David Horsley has just completed his PhD in Maths and Physics. And if that isn’t achievement enough, he is soon setting off to the US to take up a job at NASA.
David will be working at the Goddard Space Flight Centre, a NASA facility just outside Washington DC.
“I will be working on the hardware and software for telescopes. I’m looking forward to it- it seems like a really interesting place.
We use the same software here at UTAS to run our 12 and 26 metre telescopes, so I have a fair bit of experience working on that from an observer’s point of view.
“It wasn’t something I was particularly aiming for, but it popped up and it sounded exactly like what I wanted.
There’s lots of big projects coming up at NASA over the next 10 years. They’re building a whole heap of radio telescopes around the world and I will be working on this next generation. I am excited about contributing to geodesy. It’s going to be an interesting career.
David’s PhD research is in applied mathematics.
“I look at these very idealised problems. I try and focus on phenomena called Faraday waves independently of the complications of physics.”
“Imagine you have a full coffee cup and you shake the coffee cup vertically and you start to get these resonant surface waves on top of your coffee. These can get quite violent, but they also make quite interesting patterns. If you shake it quite fast, you get different oscillations.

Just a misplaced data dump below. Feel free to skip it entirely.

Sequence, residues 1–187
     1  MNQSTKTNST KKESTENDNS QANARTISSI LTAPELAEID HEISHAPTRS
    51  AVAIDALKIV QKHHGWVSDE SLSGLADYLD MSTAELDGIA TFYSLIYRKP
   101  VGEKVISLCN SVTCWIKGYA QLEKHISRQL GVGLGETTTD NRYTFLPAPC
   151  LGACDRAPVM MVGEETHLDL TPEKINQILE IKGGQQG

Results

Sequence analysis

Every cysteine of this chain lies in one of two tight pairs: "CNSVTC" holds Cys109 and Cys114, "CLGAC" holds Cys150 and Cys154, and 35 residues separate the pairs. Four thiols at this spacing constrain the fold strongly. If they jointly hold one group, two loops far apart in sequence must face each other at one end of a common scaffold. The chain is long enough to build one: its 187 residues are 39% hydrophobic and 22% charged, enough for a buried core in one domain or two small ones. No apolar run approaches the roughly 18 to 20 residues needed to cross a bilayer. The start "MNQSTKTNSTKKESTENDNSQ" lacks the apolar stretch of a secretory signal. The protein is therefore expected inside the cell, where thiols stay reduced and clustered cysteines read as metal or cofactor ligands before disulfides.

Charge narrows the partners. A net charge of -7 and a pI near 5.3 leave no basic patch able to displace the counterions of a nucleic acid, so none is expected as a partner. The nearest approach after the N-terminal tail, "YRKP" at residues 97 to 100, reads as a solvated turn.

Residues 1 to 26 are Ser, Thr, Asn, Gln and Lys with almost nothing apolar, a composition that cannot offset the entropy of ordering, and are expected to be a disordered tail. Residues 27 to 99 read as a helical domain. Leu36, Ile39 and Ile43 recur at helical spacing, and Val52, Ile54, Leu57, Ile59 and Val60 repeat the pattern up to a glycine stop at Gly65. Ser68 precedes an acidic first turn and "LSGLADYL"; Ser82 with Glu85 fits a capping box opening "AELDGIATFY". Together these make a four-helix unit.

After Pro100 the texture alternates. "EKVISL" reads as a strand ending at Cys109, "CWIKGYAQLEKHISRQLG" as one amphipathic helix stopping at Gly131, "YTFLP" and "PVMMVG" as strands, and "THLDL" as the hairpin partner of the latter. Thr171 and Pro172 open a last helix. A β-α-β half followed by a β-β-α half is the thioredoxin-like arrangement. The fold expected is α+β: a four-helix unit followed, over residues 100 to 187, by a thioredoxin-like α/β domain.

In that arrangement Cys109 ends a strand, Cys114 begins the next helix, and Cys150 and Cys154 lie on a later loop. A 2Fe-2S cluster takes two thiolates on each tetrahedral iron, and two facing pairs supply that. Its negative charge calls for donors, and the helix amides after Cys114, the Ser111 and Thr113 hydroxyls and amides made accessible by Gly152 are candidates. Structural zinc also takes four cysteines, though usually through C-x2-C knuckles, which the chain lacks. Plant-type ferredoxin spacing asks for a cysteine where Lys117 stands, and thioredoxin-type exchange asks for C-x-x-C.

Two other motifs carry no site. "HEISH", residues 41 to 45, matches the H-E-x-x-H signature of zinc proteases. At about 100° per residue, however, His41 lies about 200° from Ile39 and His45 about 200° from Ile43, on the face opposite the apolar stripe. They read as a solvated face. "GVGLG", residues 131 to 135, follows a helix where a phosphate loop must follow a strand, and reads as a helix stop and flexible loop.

“These ripples are Faraday waves. I look at these, but on the surface of stars. Instead of shaking a coffee cup and gravity, you have a sphere of fluid and that’s moving in and out. You have a similar process with gravity going inwards but then instead it can oscillate in different ways, making resonate waves on the surface of a star.”
While he’s clearly got his head in the stars now, David wasn’t always so focused on maths and physics.
I wasn’t that into physics until I started Uni and I hadn’t studied any physics before. I did the bridging course to get into physics here. Then I liked Physics all the way through.
“I’d always been reasonable at maths, but at Uni I actually developed a passion for it. Because I enjoyed it so much, it was just easy to do the work because it was fun.
“I got to the end of Honours and really enjoyed doing research. It was the next logical step to go towards the PhD.
“Physics definitely has interesting applications for maths. Physics for me is more driven by a motivation to understand things and get a different perspective on the world. You look at coffee cups and see that they can do Faraday waves. Whereas maths to me is intrinsically quite interesting. I don’t see maths as just a tool for physics. I like it in its own right.
All of the staff here are friendly and collegial. We have morning teas, everyone knows everyone. There are lots of great teachers, he said.
“There’s so many places maths can take you. There’s lots of interesting careers."